How to Make Coffee Without a Coffeemaker

It's easy to brew coffee without a machine. All you need is a few basic kitchen supplies.

July 01, 2022

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Photo taken in Batam, Indonesia


Photo taken in Batam, Indonesia

Photo by: Ilham Aidhil / EyeEm/Getty Images

Ilham Aidhil / EyeEm/Getty Images

Millions of us count on coffeemakers to deliver the invigorating elixir of life. In fact, more than a few people can barely function at the most-basic level without their morning coffee. That's why kitchens around the world are stocked with coffee machines ranging from basic to extravagant. It's a rite of passage, or at the very least an everyday routine, to shuffle to the kitchen in a barely awake fog and stab the button on the coffee machine.

Perhaps you are treated to freshly ground and roasted beans brewed in an elaborate digital thermal coffeemaker with built-in grinder. Or maybe you're low-maintenance and just want coffee and want it fast. That's all well and good, until the power goes out or the coffeemaker goes kaput. What now?

Way back in the good ol' days before there were machines that would automatically whip up a cup of delicious, piping-hot coffee, people still managed to brew a cup o' joe. Think Clint Eastwood out on the range with a tin cup and a campfire — he enjoyed some fresh brew before galloping off to corral bad guys. Sometimes the very old-fashioned way is the way to go, and many people still believe that the best-tasting coffee is simply made with coffee and water.

We'll admit that nothing really compares to freshly roasted grounds and hot, crystal-clear water, but don't write off the "old" way just yet. Heck, once you experience the taste, you might channel your inner Josey Wales and sidle up to the stove with a tin cup. Here are some popular, tried-and-true ways to make coffee without a coffeemaker.

Pouring black coffee into coffee cups with heart design. Space for copy. Conceptual.


Pouring black coffee into coffee cups with heart design. Space for copy. Conceptual.

Photo by: Catherine Falls Commercial/Getty Images

Catherine Falls Commercial/Getty Images

How to Make Coffee In a Saucepan

Low on kitchen supplies? No worries; a few basics and a stove will have you sipping hot java in no time.

  1. Add water and coffee grounds to a saucepan. The ratio of water to grounds should be the same that you'd use in a coffeemaker.
  2. Bring to a boil. Set the burner to medium-high and bring the coffee to a boil. Stir occasionally and boil for 2 minutes.
  3. Strain off the coffee. Remove from heat and let sit for 4 minutes, then use a ladle to scoop the finished coffee into a mug. No ladle? Just pour it slowly from the pan so the grounds stay in the pan and don't land in your cup. Or, better yet, if you have a coffee filter, use it to strain the coffee from the grounds.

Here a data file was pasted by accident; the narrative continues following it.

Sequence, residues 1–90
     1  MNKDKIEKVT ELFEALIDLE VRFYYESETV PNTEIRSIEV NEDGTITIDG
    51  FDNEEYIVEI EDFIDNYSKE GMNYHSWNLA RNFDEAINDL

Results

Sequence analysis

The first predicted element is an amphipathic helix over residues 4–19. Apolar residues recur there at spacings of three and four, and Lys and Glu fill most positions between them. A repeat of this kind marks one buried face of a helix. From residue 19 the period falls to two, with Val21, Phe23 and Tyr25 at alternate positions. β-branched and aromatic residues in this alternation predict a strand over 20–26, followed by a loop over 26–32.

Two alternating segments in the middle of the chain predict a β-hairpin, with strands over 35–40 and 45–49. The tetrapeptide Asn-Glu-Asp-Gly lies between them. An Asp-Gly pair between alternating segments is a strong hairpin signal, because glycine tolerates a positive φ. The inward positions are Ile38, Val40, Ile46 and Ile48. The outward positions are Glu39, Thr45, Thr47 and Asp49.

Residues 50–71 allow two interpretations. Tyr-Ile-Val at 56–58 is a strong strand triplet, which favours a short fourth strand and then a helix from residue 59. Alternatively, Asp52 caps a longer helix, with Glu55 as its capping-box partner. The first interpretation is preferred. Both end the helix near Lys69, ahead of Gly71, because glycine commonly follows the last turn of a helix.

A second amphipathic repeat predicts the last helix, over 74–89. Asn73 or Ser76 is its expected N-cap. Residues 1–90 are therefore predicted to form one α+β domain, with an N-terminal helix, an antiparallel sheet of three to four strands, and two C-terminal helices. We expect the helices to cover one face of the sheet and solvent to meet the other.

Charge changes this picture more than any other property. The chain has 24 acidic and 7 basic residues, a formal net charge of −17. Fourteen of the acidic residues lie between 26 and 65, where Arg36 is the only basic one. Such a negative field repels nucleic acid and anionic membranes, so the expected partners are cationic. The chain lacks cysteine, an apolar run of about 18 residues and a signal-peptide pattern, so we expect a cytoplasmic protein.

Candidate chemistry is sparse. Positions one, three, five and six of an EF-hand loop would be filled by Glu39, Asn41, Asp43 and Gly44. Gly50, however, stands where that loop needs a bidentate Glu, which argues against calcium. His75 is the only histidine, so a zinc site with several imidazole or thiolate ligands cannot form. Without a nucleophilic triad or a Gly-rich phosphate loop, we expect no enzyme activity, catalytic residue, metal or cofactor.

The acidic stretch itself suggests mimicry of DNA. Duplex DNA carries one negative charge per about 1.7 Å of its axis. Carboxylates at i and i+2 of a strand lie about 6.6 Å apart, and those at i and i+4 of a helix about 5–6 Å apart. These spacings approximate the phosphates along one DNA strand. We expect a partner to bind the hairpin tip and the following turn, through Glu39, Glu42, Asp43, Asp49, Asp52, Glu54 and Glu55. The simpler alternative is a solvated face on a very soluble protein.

Ein Glas voller Kaffeebohnen


Ein Glas voller Kaffeebohnen

Photo by: NighthawkFotografie/iStock


How to Make Coffee In a Mason Jar

Who knew that a humble handkerchief could be a key player in creating coffee? You'll need a couple of binder clips or plain ol' clothespins for this method.

  1. Clip the cloth to the mason jar. Set the hankie (you can also use any clean cotton cloth) over the jar and secure with the clips or a strong rubber band. Allow enough slack so the cloth dips into the jar in a pouch shape.
  2. Scoop coffee into the cloth. Scoop a single-cup helping of coffee grounds into the hankie pouch and pour a little water over the grounds, letting them soak in.
  3. Pour the water over the grounds. Slowly pour the rest of the water over the grounds, remove the hankie and grounds and drink up!

How to Make French Press Coffee without a French Press

French-press coffee is wildly popular, and it can be made in things other than its namesake apparatus. Here's how to duplicate the taste with just a mug, bowl and measuring spoon.

  1. Add coffee grounds to a bowl. In a deep bowl, add 1 tablespoon of coffee grounds for every cup desired.
  2. Pour boiling water over the grounds. Pour a little boiling water over the grounds to saturate, and then add the amount of water needed for the intended number of servings.
  3. Pour brew into a mug. Use the tablespoon to press the settled coffee grounds to the bottom of the bowl, hold the spoon in place, and pour the brew into a mug. Repeat for each serving. Alternatively, strain the mixture through a coffee filter.

A little imagination and some basic kitchen tools will keep your mug filled!

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